Marianne Huber brought to my attention another vase with the same rim band and ruddy background as the others, but instead of the fish theme, was painted with large sun-like disks. (Figure 7) I felt that this new theme might still express the same abstraction as the fish does. Huber believes the image on the vase represents an eclipse; however my own view is that it represents the sun as a manifestation of the continuing story of the Hero Twins. Expressing the same theme in another media, at Copán, the large head found on the lower facade of Rosalila is the Sun God and he bears the three dots on his cheek. (Figure 8) At the end of the story, the Twins rise to the heavens where one becomes the Sun and the other, the Moon. (In some versions, Venus is substituted for the Moon.)

Figure 7 File no. K4871
Figure 7 File no. K4871

Figure 8 Sun head from Rosalila, Copán
Figure 8 Sun head from Rosalila, Copán

"Then they rose up in the midst of the light, and instantly they were lifted into the sky. One was given the name of the sun, the other, the moon. Then the arch of heaven and the face of the earth were lighted. And they dwelt in heaven."  (Popol Vuh)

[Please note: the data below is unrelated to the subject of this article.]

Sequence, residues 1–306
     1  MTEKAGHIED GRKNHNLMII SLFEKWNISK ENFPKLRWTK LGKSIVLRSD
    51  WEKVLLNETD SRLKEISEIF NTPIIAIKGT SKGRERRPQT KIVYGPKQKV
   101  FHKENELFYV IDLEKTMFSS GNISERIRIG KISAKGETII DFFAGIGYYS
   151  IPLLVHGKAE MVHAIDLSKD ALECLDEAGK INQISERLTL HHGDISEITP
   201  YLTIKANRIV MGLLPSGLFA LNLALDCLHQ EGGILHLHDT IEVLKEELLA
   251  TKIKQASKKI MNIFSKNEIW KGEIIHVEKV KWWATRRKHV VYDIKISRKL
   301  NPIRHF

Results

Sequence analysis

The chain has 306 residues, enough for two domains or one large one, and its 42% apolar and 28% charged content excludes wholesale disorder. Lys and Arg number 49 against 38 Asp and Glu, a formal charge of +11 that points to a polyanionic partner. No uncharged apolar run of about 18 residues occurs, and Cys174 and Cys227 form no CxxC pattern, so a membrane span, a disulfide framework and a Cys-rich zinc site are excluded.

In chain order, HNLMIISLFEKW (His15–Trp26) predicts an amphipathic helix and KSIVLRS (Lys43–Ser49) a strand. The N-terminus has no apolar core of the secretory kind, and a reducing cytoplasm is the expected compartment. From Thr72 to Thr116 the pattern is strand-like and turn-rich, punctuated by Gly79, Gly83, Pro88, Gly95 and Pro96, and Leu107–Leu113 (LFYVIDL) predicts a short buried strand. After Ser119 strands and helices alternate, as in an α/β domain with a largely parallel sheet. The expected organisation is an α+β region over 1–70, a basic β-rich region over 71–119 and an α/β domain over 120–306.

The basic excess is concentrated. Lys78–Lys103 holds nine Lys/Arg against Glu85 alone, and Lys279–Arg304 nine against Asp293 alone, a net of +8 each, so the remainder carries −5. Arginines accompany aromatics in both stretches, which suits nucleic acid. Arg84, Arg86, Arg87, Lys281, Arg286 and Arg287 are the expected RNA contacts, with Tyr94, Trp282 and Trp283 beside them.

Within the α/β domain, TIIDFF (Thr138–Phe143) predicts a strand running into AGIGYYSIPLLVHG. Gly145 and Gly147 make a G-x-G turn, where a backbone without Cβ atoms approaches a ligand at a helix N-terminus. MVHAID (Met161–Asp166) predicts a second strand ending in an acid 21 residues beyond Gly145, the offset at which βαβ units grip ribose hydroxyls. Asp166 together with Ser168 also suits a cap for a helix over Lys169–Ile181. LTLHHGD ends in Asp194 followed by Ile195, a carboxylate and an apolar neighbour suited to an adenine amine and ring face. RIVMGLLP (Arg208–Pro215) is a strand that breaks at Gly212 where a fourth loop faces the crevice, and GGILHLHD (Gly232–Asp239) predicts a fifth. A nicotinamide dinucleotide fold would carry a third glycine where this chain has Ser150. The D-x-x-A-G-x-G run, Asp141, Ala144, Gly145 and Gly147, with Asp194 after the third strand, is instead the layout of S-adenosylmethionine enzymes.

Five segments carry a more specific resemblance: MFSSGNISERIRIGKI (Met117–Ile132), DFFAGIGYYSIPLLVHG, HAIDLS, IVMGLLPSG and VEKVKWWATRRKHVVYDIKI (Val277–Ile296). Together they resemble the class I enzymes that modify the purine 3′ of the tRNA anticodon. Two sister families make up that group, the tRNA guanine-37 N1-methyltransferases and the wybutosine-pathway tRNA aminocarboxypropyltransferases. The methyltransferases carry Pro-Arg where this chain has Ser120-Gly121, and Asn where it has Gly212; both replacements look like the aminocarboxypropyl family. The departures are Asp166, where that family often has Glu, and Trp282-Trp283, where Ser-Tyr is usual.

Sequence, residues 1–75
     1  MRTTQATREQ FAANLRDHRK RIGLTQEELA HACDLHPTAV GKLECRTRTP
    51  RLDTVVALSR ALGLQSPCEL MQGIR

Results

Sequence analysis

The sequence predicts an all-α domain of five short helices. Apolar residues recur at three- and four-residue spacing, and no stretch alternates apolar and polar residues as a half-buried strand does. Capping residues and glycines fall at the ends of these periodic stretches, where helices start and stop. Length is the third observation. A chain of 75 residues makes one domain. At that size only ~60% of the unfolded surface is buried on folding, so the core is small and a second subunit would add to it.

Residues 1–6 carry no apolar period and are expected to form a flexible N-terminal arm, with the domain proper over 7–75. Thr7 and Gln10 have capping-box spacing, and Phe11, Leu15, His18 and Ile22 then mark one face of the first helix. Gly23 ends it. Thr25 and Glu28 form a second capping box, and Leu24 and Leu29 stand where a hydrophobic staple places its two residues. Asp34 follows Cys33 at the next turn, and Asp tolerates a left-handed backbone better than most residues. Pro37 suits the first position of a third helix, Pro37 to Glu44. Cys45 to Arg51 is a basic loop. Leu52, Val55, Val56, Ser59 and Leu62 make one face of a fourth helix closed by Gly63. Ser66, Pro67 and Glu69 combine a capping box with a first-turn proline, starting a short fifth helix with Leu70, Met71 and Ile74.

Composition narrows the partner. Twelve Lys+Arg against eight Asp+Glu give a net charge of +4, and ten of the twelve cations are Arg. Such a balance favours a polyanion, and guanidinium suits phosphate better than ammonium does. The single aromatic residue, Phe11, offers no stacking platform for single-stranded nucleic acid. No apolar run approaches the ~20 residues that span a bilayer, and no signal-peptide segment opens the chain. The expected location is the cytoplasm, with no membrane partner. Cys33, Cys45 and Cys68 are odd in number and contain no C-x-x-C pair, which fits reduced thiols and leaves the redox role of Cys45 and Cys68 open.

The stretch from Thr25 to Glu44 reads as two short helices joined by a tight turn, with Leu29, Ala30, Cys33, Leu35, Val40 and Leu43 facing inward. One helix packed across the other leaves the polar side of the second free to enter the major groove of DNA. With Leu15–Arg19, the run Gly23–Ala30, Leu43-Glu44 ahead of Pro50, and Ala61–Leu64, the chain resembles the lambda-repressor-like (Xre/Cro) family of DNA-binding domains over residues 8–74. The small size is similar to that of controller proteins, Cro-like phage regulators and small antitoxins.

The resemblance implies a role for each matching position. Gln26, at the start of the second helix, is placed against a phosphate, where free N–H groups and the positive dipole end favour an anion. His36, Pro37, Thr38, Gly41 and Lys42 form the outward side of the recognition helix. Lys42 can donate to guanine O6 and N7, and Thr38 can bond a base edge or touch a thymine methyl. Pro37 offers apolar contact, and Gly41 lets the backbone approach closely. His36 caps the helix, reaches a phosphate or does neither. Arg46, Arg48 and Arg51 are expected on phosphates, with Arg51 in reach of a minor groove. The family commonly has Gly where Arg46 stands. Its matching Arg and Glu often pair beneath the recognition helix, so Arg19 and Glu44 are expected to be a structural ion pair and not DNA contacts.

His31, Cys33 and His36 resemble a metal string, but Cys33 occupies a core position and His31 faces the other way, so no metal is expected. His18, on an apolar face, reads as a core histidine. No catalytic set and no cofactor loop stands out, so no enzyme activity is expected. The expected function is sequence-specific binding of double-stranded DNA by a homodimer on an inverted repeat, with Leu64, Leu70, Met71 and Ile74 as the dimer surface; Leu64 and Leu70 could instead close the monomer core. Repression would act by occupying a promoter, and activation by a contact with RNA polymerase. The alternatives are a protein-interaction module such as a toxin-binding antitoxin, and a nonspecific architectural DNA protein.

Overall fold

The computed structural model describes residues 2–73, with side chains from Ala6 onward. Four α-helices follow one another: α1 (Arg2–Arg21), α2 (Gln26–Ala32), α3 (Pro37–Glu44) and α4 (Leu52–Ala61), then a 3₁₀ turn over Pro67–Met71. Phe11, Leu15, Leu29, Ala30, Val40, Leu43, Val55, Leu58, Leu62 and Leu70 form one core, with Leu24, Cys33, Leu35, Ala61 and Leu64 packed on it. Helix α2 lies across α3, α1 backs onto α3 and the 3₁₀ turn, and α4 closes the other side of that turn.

It would appear that the designers of this group of vases were presenting the resurrection theme as death (catfish) and re-creation (the sun). They emphasized the relationship to the Popol Vuh by painting a symbol of the Hero Twins in life (the three dots) and in death (the kimi sign). These vases, as on many Maya painted, carved, or inscribed vessels, use abstract symbols to depict broad areas of Maya mythology. As in many mythologies, certain salient symbols are used as a sort of shorthand, bringing the entire story to the viewer’s mind. These symbolic statements may have been used as mnemonics to keep the reader or story teller on track, but more likely, their function was to enforce the precepts of a long-standing and deeply-felt religious attitude towards their basic mythology.